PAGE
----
In particular, I head for the bird-feeders. They’re in a spot that’s especially hard to find, even for someone like me who’s been visiting the park for 50 years. As you can see from the above photo, the bird-feeders are empty of seed right now; I think the conservancy fills them only during the migration seasons, when the birds are famished. But a lot of species stop by anyway, maybe out of sheer undying hope.

Which, coincidentally, is also what you need to write fiction.

What about you? What are your favorite outdoor writing locations?

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How To Create A Good Leader

By Mark Alpert

Some thrillers don’t need leaders. The novel’s hero might be a lone mercenary, a rogue agent, or a private detective with a business too small or unsuccessful to have anyone on the payroll. But other thrillers feature protagonists who are police captains, military commanders, spy chiefs, or heads of state. If you’re writing that kind of novel and you want readers to admire and avidly follow your characters, you have to know how to create a good leader.

Let’s start with some examples of good leaders in genre fiction. Think of Painter Crowe, the super-competent and compassionate task-force commander in James Rollins’s Sigma Force thrillers. Think of Albus Dumbledore in the Harry Potter books, Gandalf and Galadriel in The Lord of the Rings trilogy, Duke Leto Atreides in Dune, Queen Serafina Pekkala in The Golden Compass, or Captain Jack Aubrey in Master & Commander. Or, going farther back, think of Beowulf and Shakespeare’s King Henry V. Why do we like these characters so much? What qualities do they have in common?

I’ll try to make a list, although it’ll be far from comprehensive:

A good leader has respect for the people who serve under him or her. I learned this important truth way back in 1984, during the first week of my job as a newspaper reporter for the Claremont Eagle Times in New Hampshire. It was my first real job and I didn’t know what I was doing yet. I completely ignored an important story, or at least it was something that seemed very important in the context of local news. I don’t remember the details, but maybe it was some new business opening or housing development that had been announced at a town meeting? Whatever the details, the story soon appeared in a rival newspaper, and the Eagle’s editor was furious that I hadn’t written about it. But he didn’t blow up and start yelling at me in the newsroom. Instead, he led me to an office upstairs and chewed me out in private. Even though I was just a 23-year-old screw-up, he had respect for me, enough to realize that it wouldn’t be right to embarrass me in public.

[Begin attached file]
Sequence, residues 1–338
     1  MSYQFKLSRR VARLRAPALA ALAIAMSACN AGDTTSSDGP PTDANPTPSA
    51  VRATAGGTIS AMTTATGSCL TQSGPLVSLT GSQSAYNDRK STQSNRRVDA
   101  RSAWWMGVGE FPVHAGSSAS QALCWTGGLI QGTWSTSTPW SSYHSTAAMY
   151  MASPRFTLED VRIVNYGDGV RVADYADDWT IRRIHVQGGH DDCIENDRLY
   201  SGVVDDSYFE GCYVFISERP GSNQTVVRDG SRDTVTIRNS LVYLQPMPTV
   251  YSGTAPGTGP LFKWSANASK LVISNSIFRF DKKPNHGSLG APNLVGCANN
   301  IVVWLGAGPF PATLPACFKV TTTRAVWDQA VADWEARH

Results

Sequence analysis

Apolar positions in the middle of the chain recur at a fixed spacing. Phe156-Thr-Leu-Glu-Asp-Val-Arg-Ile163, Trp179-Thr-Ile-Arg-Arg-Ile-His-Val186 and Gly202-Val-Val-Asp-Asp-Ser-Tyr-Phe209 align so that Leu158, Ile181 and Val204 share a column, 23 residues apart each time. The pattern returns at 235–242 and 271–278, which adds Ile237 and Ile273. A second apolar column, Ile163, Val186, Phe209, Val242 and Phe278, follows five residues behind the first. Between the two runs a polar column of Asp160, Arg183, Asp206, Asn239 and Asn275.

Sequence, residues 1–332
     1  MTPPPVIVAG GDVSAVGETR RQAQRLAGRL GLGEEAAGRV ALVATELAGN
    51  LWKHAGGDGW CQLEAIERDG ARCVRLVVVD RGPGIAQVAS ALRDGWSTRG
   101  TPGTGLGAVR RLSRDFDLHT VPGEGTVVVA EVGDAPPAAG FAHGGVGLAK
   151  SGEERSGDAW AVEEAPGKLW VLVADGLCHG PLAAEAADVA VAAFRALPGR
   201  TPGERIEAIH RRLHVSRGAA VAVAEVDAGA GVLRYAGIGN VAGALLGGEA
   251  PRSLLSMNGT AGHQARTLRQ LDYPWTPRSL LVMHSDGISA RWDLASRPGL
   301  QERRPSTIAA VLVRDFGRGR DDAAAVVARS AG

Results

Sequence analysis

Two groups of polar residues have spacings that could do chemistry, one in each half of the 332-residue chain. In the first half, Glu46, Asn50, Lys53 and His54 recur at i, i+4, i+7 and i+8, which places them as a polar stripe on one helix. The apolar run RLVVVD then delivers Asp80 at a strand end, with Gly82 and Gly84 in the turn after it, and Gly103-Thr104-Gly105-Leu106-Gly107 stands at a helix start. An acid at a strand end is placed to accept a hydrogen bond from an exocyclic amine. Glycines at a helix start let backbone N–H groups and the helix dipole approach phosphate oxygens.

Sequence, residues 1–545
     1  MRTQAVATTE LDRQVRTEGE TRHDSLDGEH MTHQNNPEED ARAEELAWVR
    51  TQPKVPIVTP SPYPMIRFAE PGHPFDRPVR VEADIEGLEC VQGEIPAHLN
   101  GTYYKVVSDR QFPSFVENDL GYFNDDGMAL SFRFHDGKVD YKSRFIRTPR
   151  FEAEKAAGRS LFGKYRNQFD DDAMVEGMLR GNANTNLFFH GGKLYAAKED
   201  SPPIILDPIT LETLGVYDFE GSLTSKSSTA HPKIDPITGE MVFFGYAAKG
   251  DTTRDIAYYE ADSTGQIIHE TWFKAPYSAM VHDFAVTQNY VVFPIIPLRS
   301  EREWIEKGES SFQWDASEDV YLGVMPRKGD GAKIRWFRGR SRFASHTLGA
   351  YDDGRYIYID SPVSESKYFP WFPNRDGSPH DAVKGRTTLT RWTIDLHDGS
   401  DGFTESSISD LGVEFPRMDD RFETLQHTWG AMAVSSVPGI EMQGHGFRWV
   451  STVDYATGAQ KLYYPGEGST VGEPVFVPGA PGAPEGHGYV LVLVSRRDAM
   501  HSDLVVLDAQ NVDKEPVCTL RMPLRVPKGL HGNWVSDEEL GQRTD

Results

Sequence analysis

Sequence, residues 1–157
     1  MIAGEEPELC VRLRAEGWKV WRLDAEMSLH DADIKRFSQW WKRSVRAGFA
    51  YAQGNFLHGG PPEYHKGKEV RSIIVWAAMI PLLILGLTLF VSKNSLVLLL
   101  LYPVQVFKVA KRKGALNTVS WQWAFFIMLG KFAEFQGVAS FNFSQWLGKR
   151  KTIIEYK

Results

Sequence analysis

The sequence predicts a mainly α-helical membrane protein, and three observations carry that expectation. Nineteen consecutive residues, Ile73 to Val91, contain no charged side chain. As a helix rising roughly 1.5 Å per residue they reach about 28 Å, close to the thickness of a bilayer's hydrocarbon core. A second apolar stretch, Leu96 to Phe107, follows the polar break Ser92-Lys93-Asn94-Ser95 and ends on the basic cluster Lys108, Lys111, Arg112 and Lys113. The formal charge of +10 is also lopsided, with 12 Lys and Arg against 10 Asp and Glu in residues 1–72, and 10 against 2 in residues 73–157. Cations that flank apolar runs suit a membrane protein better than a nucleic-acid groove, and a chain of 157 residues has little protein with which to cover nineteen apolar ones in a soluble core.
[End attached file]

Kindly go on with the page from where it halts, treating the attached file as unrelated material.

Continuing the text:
A bully, in contrast, has no respect for subordinates and doesn’t receive any in return. We’ve all seen bosses like that, right? They rail at their underlings and treat them like dirt, and then they wonder why nothing gets done right. And they never learn.

A good leader is smart and patient. Remember the TV cop show NYPD Blue? It ran from 1993 to 2005 and was considered pretty daring for its time, especially for its warts-and-all portrayal of Detective Andy Sipowicz, who in the early episodes was an openly racist alcoholic. To Sipowicz’s dismay, the boss of his precinct’s detective squad is a black lieutenant named Arthur Fancy. In one of my favorite scenes from the TV series, Lieutenant Fancy teaches Sipowicz to have some empathy for the black people he interrogates. He takes Andy to dinner at a rib joint that looks a lot like Sylvia’s, the famous soul-food restaurant in Harlem. Nowadays Harlem has become largely gentrified and Sylvia’s is full of tourists and white people, but I remember going there in the early 1990s (when the NYPD Blue episode aired) and being the only white person in the place. Sipowicz finds himself in the same situation, and he squirms uncomfortably in his seat as he eats dinner with his boss. Lieutenant Fancy asks Sipowicz why he seems so distressed: “You’re being served, aren’t you, Andy? They cooked those ribs for you. Maybe they wanted to spit in the plate, but they didn’t. They served your white ass just like they would anyone else who came in here. Even though some of them hate your guts. So why would you feel uncomfortable, Andy? You got your meal. What difference does it make what they’re thinking? That they don’t like you, that’s just an opinion. Why should that bother you?”